narco-, narc-, -narcotic, narcotico-, -narcosis, -narcoticism (Greek: numbness, dullness; sleep, stupor, torpor; benumb, deaden).
Having both acrid (sharp, pungent) and narcotic qualities.
Self induced sleep.
To remove narcotic properties from an opiate; to deprive of narcotic properties.
Producing insensibility to pain with the use of electrical current.
Stupor brought on by a brain disease.
Narcolepsy of emotional origin.
Psychotherapeutic treatment under light anesthesia, originally used in acute combat cases during World War II; also used in the treatment of childhood trauma.
Anesthesia produced by narcotic drugs; such as, morphine.
A general numbness sometimes experienced at the moment of awaking from sleep.
Stupor or deep sleep induced by hypnosis.
1. A morbid inclination to sleep.
2. Uncontrollable sleepiness or desire to sleep; usually coming on at intervals even when the subject is supposed to be awake and active.
3. A sleep disorder that usually appears in young adulthood, consisting of recurring episodes of sleep during the day, and often disrupted nocturnal sleep; frequently accompanied by cataplexy, sleep paralysis, and hypnagogic hallucinations; a genetically determined disease.
Someone who has narcolepsy.
1. A sleep inducing drug.
2. A person with narcolepsy.
Coma or stupor induced by hypnotic drugs.
1. A morbid desire to gain relief from painful stimuli usually through some pharmacological agent (morphine, opium, etc.), but also occasionally through psychic measures (e.g. hypnosis).
2. An uncontrollable craving for narcotic drugs.
One who suffers from narcomania.
Denoting, pertaining to, inducing, or affected by narcoma.
In a state of stupor.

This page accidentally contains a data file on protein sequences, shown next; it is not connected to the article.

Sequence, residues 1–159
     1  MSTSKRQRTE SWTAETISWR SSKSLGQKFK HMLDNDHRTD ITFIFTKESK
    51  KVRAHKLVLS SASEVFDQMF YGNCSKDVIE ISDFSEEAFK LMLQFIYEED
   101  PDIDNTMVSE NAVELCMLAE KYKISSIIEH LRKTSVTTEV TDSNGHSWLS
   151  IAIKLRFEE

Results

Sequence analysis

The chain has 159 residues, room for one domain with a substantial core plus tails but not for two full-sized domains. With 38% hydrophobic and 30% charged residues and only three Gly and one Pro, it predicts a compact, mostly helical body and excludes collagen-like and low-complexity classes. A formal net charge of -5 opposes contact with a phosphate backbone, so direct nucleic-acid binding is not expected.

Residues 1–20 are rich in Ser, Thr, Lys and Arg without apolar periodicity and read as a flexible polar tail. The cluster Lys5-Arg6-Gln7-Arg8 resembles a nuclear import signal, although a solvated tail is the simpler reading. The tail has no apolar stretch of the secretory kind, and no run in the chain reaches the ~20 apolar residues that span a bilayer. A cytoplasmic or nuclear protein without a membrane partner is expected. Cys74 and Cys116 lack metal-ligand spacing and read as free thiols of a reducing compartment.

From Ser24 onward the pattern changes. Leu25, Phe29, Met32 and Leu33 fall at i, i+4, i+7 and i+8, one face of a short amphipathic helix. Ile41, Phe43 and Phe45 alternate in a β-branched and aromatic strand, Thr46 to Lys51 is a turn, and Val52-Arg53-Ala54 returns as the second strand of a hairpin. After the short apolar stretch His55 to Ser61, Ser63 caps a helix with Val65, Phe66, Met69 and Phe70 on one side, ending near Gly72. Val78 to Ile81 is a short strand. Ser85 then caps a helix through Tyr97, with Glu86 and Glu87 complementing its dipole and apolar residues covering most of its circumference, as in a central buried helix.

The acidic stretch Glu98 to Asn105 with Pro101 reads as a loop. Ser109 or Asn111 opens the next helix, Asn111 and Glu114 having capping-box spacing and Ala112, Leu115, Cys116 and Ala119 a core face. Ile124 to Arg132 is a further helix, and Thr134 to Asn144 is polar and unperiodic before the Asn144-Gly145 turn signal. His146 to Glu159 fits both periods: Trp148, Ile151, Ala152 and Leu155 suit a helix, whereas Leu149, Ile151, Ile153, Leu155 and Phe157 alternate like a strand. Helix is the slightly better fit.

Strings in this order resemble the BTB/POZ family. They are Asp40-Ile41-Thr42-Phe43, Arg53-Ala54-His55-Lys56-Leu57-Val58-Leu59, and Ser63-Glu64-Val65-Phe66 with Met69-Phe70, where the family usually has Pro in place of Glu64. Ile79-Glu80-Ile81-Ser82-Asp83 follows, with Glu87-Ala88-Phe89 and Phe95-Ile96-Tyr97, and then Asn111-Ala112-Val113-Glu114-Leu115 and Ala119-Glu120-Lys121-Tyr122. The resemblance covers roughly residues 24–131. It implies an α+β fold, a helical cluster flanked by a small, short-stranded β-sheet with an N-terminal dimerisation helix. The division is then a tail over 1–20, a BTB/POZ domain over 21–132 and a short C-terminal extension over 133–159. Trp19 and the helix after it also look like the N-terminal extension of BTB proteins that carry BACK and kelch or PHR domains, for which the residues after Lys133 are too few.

General and nonspecific reversible depression of neuronal excitability, produced by a number of physical and chemical agents, usually resulting in stupor rather than in anesthesia (with which narcosis was once synonymous).
Any spasmodic or recurrent disorder inducing stupor.
An agent with both narcotic and stimulant properties.
1. Psychotherapy conducted with the patient under the influence of a sedative or narcotic.
2. In psychotherapy, the use of intravenous barbiturates to enhance relaxation, to facilitate communication, and to render the subject more responsive to the suggestions of the therapist. In any particular narcotherapeutic session, the focus may be on reassurance (narcohypnosis), on uncovering repressed material (narcoanalysis), on encouraging expression of repressed affects (narcocatharsis), on eliciting data for later assimilation (narcosynthesis), or on obtaining data to provide more adequate evaluation (narcodiagnosis).
1. Originally, any drug derived from opium or opium-like compounds with potent analgesic effects associated with both significant alteration of mood and behavior and potential for dependence and tolerance.
2. More recently, any drug, synthetic or naturally occurring, with effects similar to those of opium and opium derivatives, including meperidine and fentanyl and its derivatives.
3. Drugs that can relieve severe pain but which are also sleep-inducing and usually highly addictive. 4.Capable of inducing a state of stuporous analgesia.
Having both narcotic and irritant properties.
A bitter crystalline alkaloid derived from opium sometimes used in medicine.
1. Stuporous analgesia induced by a narcotic.
2. Addiction to a narcotic.
3. As commonly used, the term refers to the condition in which the drug is present in amounts great enough to be toxic, or, in any event, sufficient to alter behavior.
4. The condition produced by narcotics; a state of stupor, somnolence, or insensibility.
5. A morbid inclination to sleep.
narcotize, narcotized, narcotizing:
1. To bring or render insensible with a narcotic.
2. To make dull or to deaden.
3. To diminish consciousness as in the administration of a general anesthesia or sedation.
A term for a dulling of the senses or intellect; a state of stupor.
Inducing sleep a sedative effect, but not directly narcotic.
A localized cutaneous anesthesia.